About This Journal
Since 1981, the Loyola of Los Angeles Entertainment Law Review (ELR),1 has established a reputation as the authoritative source of professional and scholarly articles on entertainment, sports, communications, and intellectual property law. In fact, the California State Legislature recently used an article published in ELR when drafting California Civil Code section 1708.8, which seeks to protect celebrity’s personal privacy rights from overzealous paparazzi.
ELR is distinctive among law reviews and legal journals because it is one of the few scholarly publications dedicated exclusively to legal development in these fields. ELR prides itself on publishing novel articles written by distinguished academics, members of the Bar, entertainment industry commentators, and exceptional student writers, addressing specific areas of entertainment industry law.
WHAT IS ENTERTAINMENT LAW?
Entertainment law is a vast subject area encompassing complex legal issues in constitutional law; anti-trust litigation; bankruptcy; contracts; corporate law; communication regulation; labor; sports arbitration; and intellectual property rights such as copyright, trademark, and patent. As the world becomes technologically interconnected, entertainment issues have become prevalent on an international level, encompassing areas such as international trade and taxation, finance, and immigration. ELR is committed to examining these areas as well as their impact on communications and the arts.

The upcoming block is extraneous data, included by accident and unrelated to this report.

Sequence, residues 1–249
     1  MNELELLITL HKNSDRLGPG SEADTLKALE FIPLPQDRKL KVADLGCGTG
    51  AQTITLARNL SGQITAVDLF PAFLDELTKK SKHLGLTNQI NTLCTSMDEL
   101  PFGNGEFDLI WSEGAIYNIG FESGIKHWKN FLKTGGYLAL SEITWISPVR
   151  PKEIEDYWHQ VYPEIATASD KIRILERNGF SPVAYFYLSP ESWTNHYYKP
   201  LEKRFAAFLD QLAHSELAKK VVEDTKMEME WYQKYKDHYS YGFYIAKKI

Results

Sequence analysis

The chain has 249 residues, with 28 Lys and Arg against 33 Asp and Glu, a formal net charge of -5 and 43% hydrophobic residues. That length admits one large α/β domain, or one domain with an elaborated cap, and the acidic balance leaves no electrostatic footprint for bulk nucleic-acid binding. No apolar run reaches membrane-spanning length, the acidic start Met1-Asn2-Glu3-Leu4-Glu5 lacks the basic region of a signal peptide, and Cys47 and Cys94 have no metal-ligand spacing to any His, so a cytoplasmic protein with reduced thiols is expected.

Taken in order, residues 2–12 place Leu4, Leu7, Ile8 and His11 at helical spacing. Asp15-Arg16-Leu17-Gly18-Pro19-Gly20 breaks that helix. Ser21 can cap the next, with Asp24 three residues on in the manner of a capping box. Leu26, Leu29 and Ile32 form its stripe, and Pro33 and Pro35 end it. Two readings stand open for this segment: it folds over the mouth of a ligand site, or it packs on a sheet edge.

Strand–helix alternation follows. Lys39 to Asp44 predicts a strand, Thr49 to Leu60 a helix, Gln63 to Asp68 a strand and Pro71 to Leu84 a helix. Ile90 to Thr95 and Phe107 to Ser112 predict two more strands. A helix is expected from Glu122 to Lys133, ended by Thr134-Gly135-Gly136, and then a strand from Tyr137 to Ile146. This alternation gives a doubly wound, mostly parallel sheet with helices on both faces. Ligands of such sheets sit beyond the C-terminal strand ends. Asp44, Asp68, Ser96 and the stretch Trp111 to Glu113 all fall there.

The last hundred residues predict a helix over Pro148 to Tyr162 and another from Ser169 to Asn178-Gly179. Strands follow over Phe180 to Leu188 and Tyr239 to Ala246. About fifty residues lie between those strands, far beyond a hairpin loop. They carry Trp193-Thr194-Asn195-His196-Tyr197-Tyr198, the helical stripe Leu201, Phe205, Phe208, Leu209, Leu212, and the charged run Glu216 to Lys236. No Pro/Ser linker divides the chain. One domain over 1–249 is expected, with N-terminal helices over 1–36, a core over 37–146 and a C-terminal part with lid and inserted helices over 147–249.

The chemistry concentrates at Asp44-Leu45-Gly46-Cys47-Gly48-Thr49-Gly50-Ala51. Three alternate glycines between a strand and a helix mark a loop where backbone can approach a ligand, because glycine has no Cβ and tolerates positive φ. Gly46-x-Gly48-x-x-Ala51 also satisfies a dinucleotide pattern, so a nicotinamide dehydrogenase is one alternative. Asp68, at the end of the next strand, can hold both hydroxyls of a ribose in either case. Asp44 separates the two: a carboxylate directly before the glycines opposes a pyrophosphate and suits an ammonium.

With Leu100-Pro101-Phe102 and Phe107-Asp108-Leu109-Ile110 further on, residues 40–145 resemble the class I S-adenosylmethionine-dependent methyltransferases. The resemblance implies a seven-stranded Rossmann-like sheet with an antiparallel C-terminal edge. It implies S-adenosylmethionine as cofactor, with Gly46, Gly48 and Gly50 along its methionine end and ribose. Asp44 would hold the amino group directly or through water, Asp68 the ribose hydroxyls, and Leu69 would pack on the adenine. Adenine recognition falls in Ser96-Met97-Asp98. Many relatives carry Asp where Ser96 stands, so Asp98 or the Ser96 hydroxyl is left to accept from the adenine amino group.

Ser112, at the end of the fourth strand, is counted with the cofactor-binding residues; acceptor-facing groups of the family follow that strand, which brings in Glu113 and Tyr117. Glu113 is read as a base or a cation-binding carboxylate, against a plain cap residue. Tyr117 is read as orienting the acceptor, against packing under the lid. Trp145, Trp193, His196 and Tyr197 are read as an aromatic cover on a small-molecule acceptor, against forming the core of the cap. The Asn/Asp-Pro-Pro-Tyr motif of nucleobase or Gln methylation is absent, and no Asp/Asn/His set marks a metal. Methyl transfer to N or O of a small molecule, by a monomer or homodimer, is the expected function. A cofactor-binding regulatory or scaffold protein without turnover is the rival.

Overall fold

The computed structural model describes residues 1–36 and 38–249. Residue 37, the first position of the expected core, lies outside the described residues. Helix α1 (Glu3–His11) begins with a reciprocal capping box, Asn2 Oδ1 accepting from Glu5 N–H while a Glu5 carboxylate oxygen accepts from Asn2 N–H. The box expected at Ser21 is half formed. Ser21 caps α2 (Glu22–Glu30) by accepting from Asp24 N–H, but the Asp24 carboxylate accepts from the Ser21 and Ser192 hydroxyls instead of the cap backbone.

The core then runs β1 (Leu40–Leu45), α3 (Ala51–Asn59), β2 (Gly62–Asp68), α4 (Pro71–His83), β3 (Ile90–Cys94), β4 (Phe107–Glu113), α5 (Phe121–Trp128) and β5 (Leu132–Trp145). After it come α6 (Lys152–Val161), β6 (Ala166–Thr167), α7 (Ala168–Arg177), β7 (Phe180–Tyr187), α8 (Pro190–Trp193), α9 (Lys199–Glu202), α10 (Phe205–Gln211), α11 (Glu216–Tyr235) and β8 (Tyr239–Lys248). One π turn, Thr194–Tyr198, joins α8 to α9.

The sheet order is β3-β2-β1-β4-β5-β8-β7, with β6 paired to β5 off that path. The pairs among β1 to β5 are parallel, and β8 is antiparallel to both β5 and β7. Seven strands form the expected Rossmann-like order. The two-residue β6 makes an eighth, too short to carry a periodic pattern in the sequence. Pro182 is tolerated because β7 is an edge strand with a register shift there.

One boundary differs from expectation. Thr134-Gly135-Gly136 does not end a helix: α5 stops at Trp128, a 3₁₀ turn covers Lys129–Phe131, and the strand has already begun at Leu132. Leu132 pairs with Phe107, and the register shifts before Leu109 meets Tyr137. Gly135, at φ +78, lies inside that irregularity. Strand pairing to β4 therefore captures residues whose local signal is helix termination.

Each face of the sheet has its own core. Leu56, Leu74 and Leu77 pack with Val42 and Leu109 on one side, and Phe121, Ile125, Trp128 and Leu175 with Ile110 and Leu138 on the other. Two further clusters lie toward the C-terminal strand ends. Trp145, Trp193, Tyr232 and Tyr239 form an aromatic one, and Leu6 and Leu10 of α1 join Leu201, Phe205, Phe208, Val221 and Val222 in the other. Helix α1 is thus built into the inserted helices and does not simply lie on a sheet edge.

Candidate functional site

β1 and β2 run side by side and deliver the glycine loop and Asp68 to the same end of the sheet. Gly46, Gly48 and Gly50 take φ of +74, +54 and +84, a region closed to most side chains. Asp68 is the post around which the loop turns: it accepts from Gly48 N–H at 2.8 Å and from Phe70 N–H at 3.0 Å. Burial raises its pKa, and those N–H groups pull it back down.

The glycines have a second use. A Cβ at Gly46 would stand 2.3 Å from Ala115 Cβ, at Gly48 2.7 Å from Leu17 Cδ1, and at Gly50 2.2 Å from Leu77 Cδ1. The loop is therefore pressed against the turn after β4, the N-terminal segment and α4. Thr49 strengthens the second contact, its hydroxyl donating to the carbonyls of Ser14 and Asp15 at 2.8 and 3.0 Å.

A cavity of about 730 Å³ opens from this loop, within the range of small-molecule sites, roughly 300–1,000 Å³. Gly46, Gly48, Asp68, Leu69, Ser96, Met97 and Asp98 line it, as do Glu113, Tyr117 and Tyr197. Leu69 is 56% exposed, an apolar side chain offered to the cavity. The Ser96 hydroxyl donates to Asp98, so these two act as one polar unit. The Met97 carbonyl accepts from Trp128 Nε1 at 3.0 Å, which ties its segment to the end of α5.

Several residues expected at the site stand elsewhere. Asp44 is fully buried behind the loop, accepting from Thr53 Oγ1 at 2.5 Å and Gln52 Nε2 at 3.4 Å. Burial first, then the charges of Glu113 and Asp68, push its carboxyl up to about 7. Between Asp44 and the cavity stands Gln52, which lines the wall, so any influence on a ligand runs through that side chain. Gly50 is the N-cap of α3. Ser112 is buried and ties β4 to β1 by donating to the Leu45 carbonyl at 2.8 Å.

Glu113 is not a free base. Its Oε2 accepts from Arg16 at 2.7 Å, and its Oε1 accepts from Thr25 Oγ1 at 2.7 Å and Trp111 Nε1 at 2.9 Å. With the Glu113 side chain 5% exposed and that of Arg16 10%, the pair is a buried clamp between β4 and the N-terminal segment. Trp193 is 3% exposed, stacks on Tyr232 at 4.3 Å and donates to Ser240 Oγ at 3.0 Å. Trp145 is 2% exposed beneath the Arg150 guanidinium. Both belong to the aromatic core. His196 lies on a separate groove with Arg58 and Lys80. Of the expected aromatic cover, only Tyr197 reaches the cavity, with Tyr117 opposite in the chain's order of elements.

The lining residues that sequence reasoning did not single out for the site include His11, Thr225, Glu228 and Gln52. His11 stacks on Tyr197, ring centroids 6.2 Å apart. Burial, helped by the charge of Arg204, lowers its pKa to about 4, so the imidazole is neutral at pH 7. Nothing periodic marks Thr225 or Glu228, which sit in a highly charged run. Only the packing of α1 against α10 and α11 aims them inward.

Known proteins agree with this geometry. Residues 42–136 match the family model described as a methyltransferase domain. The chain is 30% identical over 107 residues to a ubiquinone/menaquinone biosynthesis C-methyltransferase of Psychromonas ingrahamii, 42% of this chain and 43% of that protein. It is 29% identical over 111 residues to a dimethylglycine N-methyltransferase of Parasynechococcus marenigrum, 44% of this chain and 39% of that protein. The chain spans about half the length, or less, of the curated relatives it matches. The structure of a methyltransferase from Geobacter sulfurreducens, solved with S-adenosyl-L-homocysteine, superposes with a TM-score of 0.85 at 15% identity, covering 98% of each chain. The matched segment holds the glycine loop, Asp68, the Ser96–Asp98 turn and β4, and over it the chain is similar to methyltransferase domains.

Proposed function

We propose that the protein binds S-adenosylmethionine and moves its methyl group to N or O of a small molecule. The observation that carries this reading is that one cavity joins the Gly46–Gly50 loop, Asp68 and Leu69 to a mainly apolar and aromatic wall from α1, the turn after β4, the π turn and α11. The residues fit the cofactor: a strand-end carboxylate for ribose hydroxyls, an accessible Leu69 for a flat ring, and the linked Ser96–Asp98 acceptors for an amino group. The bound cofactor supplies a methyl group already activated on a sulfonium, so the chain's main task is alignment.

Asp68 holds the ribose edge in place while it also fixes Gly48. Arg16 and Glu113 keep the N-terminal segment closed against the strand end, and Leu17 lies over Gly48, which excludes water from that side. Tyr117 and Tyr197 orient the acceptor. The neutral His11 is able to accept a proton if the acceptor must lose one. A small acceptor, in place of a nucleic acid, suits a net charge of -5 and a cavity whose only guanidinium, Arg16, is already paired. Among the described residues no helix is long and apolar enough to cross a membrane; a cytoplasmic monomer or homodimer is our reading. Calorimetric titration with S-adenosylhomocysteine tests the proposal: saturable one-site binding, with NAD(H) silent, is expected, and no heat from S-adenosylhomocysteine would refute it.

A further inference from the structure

If you wish to contact us, please feel free to send an e-mail message or contact us by letter or phone at:
Loyola of Los Angeles Entertainment Law Review
919 Albany Street
Los Angeles, CA 90015
Telephone (213) 736-1403
Facsimile (213) 385-6149
If you are interested in submitting an article for publication in ELR, please see our Submissions Page for information and policies.
1 In August of 1999, the title of this publication was changed from the Loyola of Los Angeles Entertainment Law Journal to the Loyola of Los Angeles Entertainment Law Review. This change became effective with Volume Twenty, published in the 1999-2000 academic year.